How to Avoid After-School Meltdowns
Recently, I was talking to a friend about how the school year has been going so far for her 3 kids. She mentioned that the kids seemed to be adjusting well except for one MASSIVE thing. Her 6-year-old was coming home from school happy but after just a short time she would begin yelling, crying, and throwing things for what seemed like no reason at all. As I questioned her further about it, she admitted that the two older kids were also short and disrespectful with her and each other more often than usual after school.
What is the problem?
Children who have frequent meltdowns after school may be experiencing “After-School Restraint Collapse”. The term is coined by Psychotherapist Andrea Nair, the London, Ont.-based counsellor and parenting educator. Basically, our children have been suppressing their true emotions at school for 7+ hours to demonstrates good behavior. So, when they get home to their safe space, they can release all those emotions and built-up energy. Your child does not intend to have a meltdown, but this may be the only way they know how to release their emotions.
Many adults experience something similar. How many of us have come home from an exhausting day of work and freaked out at our partners or children for no clear reason? In fact, some adults still experience the after-work jerk syndrome because they never learned how to manage these emotions.
Obviously, we want to help our children prevent these meltdowns before they occur. I encourage you to create an afterschool routine that includes many of these solutions.
- Make a habit of reconnecting positively– When you see your kids after school, greet them with a smile and a hug instead of questions about homework or a to-do list.
- Replenishment after school– Whether they can identify it or not, kids are hungry after school. Assume this to be the case and set out water and healthy snacks like veggies, fruit, and cheese.
- Find ways for your child to decompress– Create a calm environment where your child can regroup and sit quietly. Offer opportunities to express themselves through art. Do something physical, like take a walk or go for a bike ride. Observe how they self- calm on a “good” day. And make it part of the routine. Screen-time is OK as a last resort if it seems to work for your kids—IF you fill them up with some human connection first.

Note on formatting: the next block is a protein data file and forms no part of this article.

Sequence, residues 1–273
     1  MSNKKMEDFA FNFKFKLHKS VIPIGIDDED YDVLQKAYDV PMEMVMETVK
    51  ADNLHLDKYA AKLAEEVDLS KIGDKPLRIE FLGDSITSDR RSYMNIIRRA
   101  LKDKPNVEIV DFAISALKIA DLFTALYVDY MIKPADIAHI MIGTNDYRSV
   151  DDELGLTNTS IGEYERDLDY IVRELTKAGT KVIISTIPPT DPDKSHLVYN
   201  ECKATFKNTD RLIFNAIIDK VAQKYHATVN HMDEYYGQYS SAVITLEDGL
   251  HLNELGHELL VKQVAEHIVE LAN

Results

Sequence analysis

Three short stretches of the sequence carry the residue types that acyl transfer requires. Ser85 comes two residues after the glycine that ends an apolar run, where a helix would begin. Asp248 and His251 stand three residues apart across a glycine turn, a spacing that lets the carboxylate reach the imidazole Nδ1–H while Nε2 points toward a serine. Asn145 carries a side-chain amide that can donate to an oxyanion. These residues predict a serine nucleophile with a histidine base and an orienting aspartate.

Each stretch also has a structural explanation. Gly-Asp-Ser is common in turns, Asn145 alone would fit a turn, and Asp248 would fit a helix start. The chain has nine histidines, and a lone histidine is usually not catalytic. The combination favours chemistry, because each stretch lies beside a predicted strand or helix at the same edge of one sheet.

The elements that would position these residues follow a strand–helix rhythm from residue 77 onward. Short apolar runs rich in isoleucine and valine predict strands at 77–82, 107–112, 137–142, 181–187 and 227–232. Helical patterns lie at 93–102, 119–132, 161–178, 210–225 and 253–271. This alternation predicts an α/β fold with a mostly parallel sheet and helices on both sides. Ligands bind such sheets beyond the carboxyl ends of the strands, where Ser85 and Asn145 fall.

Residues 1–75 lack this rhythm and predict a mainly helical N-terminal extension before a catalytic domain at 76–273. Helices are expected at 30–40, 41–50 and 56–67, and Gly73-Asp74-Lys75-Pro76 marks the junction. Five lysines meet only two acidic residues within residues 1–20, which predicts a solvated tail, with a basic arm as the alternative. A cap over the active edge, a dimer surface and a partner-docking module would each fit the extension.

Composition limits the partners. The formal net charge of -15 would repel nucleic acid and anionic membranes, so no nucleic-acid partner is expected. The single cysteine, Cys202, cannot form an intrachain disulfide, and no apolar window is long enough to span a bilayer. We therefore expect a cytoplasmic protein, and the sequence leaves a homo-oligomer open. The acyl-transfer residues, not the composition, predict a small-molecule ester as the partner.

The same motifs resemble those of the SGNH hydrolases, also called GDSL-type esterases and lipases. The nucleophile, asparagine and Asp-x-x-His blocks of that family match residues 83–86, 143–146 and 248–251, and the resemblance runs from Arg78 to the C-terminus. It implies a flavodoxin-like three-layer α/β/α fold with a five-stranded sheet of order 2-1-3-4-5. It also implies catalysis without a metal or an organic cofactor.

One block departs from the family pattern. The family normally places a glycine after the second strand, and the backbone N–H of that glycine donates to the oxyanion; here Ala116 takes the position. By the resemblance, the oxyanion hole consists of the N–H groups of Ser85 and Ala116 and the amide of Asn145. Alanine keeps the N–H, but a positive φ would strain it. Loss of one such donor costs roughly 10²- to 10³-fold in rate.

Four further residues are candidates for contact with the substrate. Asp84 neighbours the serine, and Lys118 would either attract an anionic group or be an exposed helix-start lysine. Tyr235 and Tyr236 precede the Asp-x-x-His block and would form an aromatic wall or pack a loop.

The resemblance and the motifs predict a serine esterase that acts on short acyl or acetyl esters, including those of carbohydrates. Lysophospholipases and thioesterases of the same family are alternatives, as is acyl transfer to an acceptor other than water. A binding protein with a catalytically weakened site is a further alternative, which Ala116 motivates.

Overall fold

- Allow time and space after school– schedule playdates and afterschool activities later in the day to allow time for decompression.
- Send yourself to school with them- Find ways to stay connected throughout the day- notes in their lunchbox, a special bracelet or necklace, a picture of you together, etc. If your kids feel like you’re with them, supporting them through the day, they’re less likely to feel vulnerable, and later, angry with you for not physically being there.
- Reduce clutter and noise- For some kids, having a lot of stuff around them or too much noise can induce feelings of anxiety. Try to have them walk into a visually calm space when they get home.
The meltdowns are bound to occur from time to time. After all, emotions are a healthy part of who we are as humans. Here are some helpful hints to help you weather the storm once it has begun.
- Allow your child to release their emotions and validate their feelings– not easy when you’re managing more than one kid, and if you’re also trying to get a snack or dinner prepared but try to find a way.
- Try not to get triggered by it or take it personally- I know how hard that can be to do when insults are being flung at your face. But you cannot help them if you are also having a meltdown. Remind yourself that your child is having a tough time and that it has nothing to do with you. You have created a safe place where they can let their feelings out. And that’s just what they are doing.
- Wait for them to completely calm down before talking about it and wait for your child to come to you. Give them the lead to start talking. Then, you can ask about any emotionally intense moments that happened during the day. But don’t expect that having a conversation about it will prevent a meltdown tomorrow. Remember, a meltdown is an uncontrolled release of emotions they have been holding in all day.
Have you experienced after-school restraint collapse at your house? What have you found helpful to either prevent it or weather it successfully?